NFP investments: A need for sustainable returns


At ANZ Trustees we believe there are two key long term risks that an NFP should consider – reputation risk and the impact of inflation over time.

This may appear counter-intuitive to the commonly held preoccupation with short term total return. Despite the volatility evident in today’s markets, it is still important that a NFP preserves its income stream to enable it to steadily grow its activities year after year.

Adopting a total return approach raises the risk of not recognising the principal objective of most NFPs – to deliver a consistent income stream each year to fund their grant-making. Focusing on total return will lead to volatile budgets as total returns can vary significantly from one year to the next.

Increasingly, donors, the community and beneficiaries are demanding that NFPs and charities adopt responsible investment strategies that mitigate the risk of market volatility impacting on income, and ensure they have sufficient funds to continue their activities irrespective of economic conditions.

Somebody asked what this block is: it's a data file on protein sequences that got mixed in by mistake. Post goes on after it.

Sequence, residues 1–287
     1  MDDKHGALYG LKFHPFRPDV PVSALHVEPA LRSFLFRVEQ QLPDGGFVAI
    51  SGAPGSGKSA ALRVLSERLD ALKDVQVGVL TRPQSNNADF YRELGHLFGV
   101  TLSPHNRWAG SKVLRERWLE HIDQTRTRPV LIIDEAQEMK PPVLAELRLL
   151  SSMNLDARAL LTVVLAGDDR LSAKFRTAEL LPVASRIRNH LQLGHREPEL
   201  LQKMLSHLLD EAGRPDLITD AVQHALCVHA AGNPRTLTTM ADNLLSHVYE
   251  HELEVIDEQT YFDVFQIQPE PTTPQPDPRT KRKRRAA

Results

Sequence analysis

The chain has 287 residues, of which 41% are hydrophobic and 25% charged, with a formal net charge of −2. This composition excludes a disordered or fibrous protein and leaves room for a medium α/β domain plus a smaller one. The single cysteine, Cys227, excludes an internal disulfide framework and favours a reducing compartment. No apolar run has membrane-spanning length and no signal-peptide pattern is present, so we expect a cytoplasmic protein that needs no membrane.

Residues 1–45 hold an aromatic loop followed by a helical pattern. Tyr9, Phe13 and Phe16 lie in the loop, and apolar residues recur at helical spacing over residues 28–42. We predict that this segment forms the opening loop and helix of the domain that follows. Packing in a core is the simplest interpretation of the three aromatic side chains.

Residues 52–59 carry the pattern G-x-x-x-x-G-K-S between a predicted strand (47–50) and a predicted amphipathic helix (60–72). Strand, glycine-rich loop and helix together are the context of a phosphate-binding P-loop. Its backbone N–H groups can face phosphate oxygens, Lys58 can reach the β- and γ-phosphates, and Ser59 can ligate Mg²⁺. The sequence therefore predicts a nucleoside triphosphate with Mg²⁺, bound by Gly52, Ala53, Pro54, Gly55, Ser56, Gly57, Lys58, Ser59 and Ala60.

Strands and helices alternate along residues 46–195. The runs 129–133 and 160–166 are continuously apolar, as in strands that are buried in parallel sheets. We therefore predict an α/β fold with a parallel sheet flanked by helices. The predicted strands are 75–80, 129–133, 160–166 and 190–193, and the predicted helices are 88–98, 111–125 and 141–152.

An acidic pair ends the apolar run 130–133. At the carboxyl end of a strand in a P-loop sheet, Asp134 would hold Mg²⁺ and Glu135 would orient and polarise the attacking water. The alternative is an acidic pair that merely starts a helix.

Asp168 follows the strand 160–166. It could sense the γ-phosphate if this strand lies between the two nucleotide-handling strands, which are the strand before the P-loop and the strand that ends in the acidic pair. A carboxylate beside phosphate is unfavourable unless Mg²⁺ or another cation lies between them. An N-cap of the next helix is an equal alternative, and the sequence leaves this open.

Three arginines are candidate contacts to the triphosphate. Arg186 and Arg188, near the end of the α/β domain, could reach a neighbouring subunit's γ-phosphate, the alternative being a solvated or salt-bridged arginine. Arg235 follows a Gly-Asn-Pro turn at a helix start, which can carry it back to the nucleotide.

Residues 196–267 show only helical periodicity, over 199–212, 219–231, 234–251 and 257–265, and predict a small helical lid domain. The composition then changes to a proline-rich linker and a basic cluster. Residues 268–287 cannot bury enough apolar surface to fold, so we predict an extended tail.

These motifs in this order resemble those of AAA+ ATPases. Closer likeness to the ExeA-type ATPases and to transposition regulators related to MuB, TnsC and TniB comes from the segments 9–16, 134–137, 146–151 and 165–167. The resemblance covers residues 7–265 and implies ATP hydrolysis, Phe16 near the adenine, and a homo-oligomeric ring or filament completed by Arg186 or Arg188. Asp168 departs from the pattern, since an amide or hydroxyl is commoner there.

A viable strategy is to recognise the distinction between capital and income and secure a predictable and growing income stream through an appropriate investment strategy. By distributing income only and maintaining an investment strategy which targets capital growth in excess of inflation, the real value of the capital base should be increased over time. This is in turn an important process in ensuring a sustainable income stream over time.

The bulk of price volatility in growth assets can generally be isolated to changes in capital values. If the investment is in perpetuity, shorter term shifts in the value of the capital should not be as important – so long as capital is not totally destroyed. As the capital is never to be spent and as long as the income is recurring, the market value of the capital will not impact on the performance or principal activities of the NFP.

In addition, it is very important that NFPs incorporate prudent overlays on their investment portfolio to limit exposure to unnecessary risks, in particular reputation risk. Aiming for an income target rather than maximum capital gain allows an organisation to focus their investment energies more prudently and with a longer term view.